In Meatball Seance John Michael enlists audience members to participate by playing his boyfriend as he cooks his mom’s meatball recipe with them live on stage. Or at least he would, if fire regulations permitted him to.


Instead he humorously goes through the motions with the raw ingredients.



It’s a zany but engaging comic piece which John Michael confidently delivers with balls of energy and fun.


He also has great taste in music as he plays excerpts of Fleetwood Mac during his performance.



The audience all entered in to the spirit of the show, particularly the ones selected to participate, and John did brilliant work involving and improvising with them.


Being a Free Fringe show, John Michael stood with a bucket after the show to collect donations. I unfortunately didn’t have any cash on me.


John Michael gave me a huge sweaty hug as I explained and offered to buy him a drink instead. “Thanks but I don’t drink” he said, “But have a good day!” He added in a very American way.


I licked my wounds and went and bought myself a drink. The bar served my favourite, frozen Stawberry daiquiris, which I could not resist.



I snapped a photo of myself drinking alone with my daiquiri and then visited the toilet afterwards where, typically, John Michael himself then walked in and pee’d next to me.


He was still only wearing his underwear, as I tried not to look down. John began to tell me where he was from, although I was barely listening whilst trying to retain eye contact not knowing where to look.


I told John that I ran a blog as he couldn’t believe that he had managed to flyer a member of the press again, apparently he had wrangled another journalist to see his show in the same way.


I gave John my card with my number in the hope that I’d perhaps see him again as he gave me another hug and left.


I’ll admit I thought he was incredibly cute, as I then began to google everything I could find about him.

I popped into Starbucks to use their WiFi before the Fringe Festival souvenir shop to buy some presents for my brother’s girlfriend’s children who I will be seeing the next day.


I then went to watch Trainspotting Live. At the Edinburgh International Conference Centre.



I had seen this show three times when it was at the Kings Head theatre and then the Vaults, and think it is brilliant.


This immersive adaptation from the book by Irvine Welsh that became an acclaimed film staring Ewan Mcgreggor has become a firm favourite show returning each year to the Fringe and selling out every time.


Tonight’s show was no exception, as I waved my press pass to get a ticket.


The production has extensively toured too but Edinburgh is appropriately it’s home and here at the EICC they have transformed a stunning unused tunnel under the centre into a narrow space with audiences along two rows at each side of the tunnel.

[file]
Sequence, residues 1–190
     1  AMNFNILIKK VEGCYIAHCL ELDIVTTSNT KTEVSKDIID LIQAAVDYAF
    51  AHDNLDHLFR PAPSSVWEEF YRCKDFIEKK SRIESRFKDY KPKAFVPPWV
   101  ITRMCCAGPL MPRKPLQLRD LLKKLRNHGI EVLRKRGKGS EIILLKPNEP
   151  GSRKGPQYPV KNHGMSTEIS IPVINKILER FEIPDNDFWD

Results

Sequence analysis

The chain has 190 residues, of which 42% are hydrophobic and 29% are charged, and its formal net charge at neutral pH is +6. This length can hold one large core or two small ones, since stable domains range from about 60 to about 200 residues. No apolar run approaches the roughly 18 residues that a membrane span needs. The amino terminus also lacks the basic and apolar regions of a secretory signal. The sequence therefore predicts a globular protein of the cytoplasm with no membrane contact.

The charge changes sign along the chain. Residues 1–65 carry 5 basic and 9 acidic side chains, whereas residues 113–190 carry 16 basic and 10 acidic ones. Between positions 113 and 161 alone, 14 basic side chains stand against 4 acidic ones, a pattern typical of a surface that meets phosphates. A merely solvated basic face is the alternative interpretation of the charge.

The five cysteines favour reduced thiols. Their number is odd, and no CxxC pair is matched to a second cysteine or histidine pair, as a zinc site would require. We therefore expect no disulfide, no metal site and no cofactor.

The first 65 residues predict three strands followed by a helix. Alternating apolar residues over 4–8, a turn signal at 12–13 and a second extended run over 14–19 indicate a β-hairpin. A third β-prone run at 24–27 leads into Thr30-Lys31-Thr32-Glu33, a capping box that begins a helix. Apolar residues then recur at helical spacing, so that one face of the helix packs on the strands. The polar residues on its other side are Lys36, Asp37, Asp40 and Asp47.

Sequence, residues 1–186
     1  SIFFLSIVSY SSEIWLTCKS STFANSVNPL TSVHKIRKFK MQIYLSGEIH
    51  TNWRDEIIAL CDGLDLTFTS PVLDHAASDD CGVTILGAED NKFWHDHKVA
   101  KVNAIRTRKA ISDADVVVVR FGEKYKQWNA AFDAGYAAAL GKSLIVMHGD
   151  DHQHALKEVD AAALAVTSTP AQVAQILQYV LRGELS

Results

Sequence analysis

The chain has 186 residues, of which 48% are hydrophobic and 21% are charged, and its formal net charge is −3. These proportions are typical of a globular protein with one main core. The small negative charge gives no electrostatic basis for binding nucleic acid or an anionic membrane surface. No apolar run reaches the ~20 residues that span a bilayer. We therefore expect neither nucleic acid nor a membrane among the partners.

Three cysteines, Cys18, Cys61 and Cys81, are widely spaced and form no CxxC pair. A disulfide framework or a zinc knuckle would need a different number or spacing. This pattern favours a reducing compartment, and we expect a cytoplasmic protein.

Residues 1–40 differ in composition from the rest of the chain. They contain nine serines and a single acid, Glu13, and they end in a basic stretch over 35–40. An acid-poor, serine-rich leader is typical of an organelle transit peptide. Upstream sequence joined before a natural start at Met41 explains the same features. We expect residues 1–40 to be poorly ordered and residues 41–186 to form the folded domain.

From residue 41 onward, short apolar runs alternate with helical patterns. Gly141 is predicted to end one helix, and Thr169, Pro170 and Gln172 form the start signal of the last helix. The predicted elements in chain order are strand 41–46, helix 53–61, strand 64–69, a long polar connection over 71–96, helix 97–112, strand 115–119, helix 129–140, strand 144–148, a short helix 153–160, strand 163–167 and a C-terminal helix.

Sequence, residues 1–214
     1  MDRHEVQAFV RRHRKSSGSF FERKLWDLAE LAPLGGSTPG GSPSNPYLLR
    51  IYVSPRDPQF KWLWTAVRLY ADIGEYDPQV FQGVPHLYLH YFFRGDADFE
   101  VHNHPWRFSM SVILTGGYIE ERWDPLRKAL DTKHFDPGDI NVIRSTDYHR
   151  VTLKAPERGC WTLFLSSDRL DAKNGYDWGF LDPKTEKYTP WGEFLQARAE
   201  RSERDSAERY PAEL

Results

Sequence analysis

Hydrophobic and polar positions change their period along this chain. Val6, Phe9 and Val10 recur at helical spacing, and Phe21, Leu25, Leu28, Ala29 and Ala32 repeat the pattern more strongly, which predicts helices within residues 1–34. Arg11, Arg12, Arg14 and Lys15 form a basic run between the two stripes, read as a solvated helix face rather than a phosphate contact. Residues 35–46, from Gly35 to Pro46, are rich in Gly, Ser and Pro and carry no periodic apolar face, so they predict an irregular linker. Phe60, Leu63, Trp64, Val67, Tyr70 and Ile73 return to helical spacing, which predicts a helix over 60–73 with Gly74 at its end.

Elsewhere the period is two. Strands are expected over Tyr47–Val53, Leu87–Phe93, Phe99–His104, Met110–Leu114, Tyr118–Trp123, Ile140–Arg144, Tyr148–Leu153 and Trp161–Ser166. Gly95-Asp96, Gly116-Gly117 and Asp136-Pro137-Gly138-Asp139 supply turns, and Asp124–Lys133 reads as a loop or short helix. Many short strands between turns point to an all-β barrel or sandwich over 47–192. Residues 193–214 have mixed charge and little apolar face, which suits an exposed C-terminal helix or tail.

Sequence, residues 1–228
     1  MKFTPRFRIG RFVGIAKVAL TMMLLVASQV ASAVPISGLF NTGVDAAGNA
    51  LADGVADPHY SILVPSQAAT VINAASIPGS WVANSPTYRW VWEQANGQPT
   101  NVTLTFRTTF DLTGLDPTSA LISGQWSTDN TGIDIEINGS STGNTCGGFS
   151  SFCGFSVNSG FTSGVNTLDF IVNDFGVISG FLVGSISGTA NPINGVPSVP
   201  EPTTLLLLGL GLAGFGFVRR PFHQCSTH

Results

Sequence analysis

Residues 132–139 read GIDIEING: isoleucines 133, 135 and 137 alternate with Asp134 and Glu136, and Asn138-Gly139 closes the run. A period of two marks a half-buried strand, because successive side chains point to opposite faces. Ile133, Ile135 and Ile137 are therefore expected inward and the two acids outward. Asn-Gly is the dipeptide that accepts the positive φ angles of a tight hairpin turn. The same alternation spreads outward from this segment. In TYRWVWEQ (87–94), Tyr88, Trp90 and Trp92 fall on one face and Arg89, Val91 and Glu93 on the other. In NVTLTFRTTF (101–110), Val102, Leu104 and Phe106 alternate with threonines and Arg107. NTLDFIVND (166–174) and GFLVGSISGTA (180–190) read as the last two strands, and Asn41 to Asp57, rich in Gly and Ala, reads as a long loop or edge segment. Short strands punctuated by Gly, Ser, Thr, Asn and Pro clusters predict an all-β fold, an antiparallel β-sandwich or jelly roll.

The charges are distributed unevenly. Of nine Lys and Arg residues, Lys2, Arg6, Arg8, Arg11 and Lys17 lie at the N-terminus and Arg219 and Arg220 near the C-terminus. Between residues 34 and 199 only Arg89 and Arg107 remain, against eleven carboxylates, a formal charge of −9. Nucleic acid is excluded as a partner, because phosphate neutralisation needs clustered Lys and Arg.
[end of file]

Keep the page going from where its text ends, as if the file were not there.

Directed by Adam Spreadbury-Maher with Greg Esplin. The show now stars Andrew Barrett. Lauren Downie. Dean Gribble. Michael Lockerbie. Oliver Sublet. With Siobhan Bevan and James Thackeray as understudies.


I know James from his work at the Union theatre and at Above The Stag so I would have loved to have seen him take on one of the roles. Instead I did manage to catch his eye as we arrived and he was playing a raver.


The immersive quality of this piece takes no prisoners as no body is safe from being sat on, moved up or covered in blood, sweat and dirty water. It all adds to the experience of the evening. As the cast delight in involving and shocking the audience.



The cast do an incredible job of recreating this master piece whilst engaging the audience and responding to what ever they come back with.


There are some harrowing and poignant moments especially from Lauren Downie and Michael Lockerbie who tackle the most emotionally charged scenes. Michael in particular was captivating to watch and truly remarkable.



I must also commend the incredible stage management and front of house teams. The show generally attracts a rowdy audience due to its nature and by intention the cast are designed to rile them up.

The incredible team behind the production, including an onstage medic and all the ushers do an exemplary job of keeping the audience safe and comfortable, pulling out anyone who looks distressed or in some cases too drunk or or the verge of causing trouble.


I thoroughly enjoyed this production and it would not be the same to come to the Fringe and not see it.


I then went back to my hostel to change into my Black ‘That Stagey Blog’ t-shirt before meeting my friends Peter and Murray in a bar called CC Blooms, where I spent a lot of time last year with my friend Aaron.

I walked past the two large metal giraffe sculptures on the way, that last year Aaron climbed after several drinks. There were two police officers stood next to it just as I was passing it, perhaps protecting it from me trying to do the same. Although at this point I wasn’t that drunk. Yet.



Peter is an agent for Global, and represents Charlotte Anne Steen who is in I Wish My Life Were Like a Musical. Murray is a former performer who set up and runs the MGA Academy of Performing Arts.



It was nice to catch up with them and let my hair down as we drank and danced and talked about boys. A bride and groom then turned up at the club which caught us all by surprise.


The boys left shortly after and I wasn’t far behind them. Making my way back to the hostel with a drink that I took from the bar in hand, sending drunk messages as I walked up the hill.


I then got in, had a shower and went straight to bed.


The accompanying video for this week’s journal can be found on my YouTube channel here:

https://youtu.be/uA6Hd5wOBNw


And the audio version can be found as a podcast here:

https://anchor.fm/thatstageyblog/episodes/Day-11---Edinburgh-Fringe--Audio-e54ic9